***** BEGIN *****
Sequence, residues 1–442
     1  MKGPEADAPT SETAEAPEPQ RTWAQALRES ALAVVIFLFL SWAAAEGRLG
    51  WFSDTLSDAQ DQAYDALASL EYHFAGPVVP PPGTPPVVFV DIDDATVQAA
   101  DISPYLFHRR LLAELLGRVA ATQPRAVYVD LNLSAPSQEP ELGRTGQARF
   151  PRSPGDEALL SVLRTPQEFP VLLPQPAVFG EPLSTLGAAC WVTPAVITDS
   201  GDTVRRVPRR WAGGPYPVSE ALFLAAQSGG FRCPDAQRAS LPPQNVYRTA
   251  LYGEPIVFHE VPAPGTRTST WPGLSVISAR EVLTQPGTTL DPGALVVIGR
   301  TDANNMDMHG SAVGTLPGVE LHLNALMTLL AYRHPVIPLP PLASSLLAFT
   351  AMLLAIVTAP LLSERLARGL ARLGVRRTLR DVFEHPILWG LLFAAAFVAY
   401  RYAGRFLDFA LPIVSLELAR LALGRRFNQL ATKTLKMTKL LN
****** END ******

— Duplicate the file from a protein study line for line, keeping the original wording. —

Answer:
Sequence, residues 1–442
     1  MKGPEADAPT SETAEAPEPQ RTWAQALRES ALAVVIFLFL SWAAAEGRLG
    51  WFSDTLSDAQ DQAYDALASL EYHFAGPVVP PPGTPPVVFV DIDDATVQAA
   101  DISPYLFHRR LLAELLGRVA ATQPRAVYVD LNLSAPSQEP ELGRTGQARF
   151  PRSPGDEALL SVLRTPQEFP VLLPQPAVFG EPLSTLGAAC WVTPAVITDS
   201  GDTVRRVPRR WAGGPYPVSE ALFLAAQSGG FRCPDAQRAS LPPQNVYRTA
   251  LYGEPIVFHE VPAPGTRTST WPGLSVISAR EVLTQPGTTL DPGALVVIGR
   301  TDANNMDMHG SAVGTLPGVE LHLNALMTLL AYRHPVIPLP PLASSLLAFT
   351  AMLLAIVTAP LLSERLARGL ARLGVRRTLR DVFEHPILWG LLFAAAFVAY
   401  RYAGRFLDFA LPIVSLELAR LALGRRFNQL ATKTLKMTKL LN